United Arab Emirates energy firm Dana Gas said on Thursday it posted a 2020 net loss of $376 million compared to a net profit of $157 million a year earlier, hit by non-cash impairments on the sale of assets in Egypt.
The group had a non-cash impairment of $244 million for its Egyptian assets and a further impairment of $163 million for goodwill following the sale of the company’s onshore assets in Egypt, it said in a stock exchange filing.
Dana said the impairment came amid a sharp decline in oil prices and negative effects as a result of the COVID-19 pandemic.
CEO Patrick Allman-Ward told reporters the sale for up to $236 million of Dana’s onshore Egyptian oil and gas assets, agreed with IPR Wastani Petroleum last year, is expected to close in the first half of 2021, subject to conditions and approval from Egypt’s petroleum and mineral resources ministry.
Pearl Petroleum, a consortium majority-owned by Dana and its affiliate Crescent Petroleum, is in the final stages of securing a loan of up to $250 million from the U.S. International Development Finance Corporation (DFC), Allman-Ward said.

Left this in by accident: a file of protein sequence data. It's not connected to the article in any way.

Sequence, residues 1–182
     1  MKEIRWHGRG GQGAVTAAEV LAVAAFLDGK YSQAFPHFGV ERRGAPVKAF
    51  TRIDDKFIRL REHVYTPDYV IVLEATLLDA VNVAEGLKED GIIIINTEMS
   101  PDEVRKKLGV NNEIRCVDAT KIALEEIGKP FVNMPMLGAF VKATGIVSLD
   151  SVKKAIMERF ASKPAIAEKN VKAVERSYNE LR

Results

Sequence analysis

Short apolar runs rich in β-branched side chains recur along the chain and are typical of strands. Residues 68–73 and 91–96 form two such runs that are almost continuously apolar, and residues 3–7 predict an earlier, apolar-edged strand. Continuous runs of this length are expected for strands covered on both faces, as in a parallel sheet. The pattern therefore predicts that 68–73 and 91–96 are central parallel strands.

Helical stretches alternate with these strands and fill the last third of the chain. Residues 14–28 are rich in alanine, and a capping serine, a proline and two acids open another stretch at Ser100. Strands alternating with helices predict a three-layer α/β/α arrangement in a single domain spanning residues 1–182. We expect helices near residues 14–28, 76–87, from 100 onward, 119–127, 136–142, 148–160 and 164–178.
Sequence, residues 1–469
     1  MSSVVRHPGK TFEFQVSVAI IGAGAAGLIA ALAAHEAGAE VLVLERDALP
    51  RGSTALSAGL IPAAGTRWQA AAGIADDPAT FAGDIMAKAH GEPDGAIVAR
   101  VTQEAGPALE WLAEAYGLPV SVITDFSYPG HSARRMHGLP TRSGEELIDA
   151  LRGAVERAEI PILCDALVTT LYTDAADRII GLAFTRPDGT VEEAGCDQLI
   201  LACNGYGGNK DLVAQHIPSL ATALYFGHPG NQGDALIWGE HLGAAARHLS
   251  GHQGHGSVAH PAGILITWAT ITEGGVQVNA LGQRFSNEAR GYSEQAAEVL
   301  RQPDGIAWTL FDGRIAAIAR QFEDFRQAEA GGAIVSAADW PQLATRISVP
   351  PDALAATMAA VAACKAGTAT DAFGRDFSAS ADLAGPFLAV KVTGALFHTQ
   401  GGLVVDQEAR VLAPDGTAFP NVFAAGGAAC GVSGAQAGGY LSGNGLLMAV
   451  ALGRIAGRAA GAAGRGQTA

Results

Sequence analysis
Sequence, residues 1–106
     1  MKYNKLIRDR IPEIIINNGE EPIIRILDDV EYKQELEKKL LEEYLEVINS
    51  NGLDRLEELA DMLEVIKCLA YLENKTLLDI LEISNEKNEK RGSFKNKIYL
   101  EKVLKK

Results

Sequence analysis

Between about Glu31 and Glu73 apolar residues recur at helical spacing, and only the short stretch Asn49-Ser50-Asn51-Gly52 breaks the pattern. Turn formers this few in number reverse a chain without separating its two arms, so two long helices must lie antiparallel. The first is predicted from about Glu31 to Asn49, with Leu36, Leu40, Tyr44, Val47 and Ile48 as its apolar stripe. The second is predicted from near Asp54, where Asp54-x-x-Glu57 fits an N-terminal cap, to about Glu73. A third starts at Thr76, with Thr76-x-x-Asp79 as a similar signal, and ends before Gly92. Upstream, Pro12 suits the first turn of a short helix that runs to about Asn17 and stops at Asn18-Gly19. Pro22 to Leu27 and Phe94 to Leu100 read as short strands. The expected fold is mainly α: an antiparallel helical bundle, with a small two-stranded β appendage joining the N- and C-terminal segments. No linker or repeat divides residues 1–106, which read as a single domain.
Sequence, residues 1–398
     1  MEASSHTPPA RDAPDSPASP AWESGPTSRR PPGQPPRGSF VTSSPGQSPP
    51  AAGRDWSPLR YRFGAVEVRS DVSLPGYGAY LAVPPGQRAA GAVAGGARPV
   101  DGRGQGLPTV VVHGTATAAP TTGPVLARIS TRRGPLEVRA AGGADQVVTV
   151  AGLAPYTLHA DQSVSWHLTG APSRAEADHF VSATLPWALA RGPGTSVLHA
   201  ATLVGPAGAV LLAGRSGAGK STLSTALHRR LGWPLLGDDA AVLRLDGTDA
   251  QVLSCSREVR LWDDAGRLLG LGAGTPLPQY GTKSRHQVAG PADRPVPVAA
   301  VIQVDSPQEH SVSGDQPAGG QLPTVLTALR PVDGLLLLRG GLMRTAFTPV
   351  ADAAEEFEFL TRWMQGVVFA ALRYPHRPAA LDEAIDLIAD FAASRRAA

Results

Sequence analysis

A document on DFC’s website showed its board approved the financing in December for Pearl to expand its gas processing capacity in the Kurdistan Region of Iraq.
The Kurdistan Regional Government owes Dana arrears and Allman-Ward said a timeline for payment is linked to the price of Brent, and at the current level of around $55, Dana expects all payments to be made throughout this year, Allman-Ward said.
He said there were indications a damages award could be made in the first half of this year over Crescent’s claim in an arbitration case with the National Iranian Oil Company.
Dana has no immediate plans for new acquisitions but is keeping its eyes open for opportunities and presenting them to its board as they arise, the CEO said.
The company had a cash balance of $108 million at end-2020 following the impairments and its redemption of its twice-restructured sukuk, or Islamic bonds.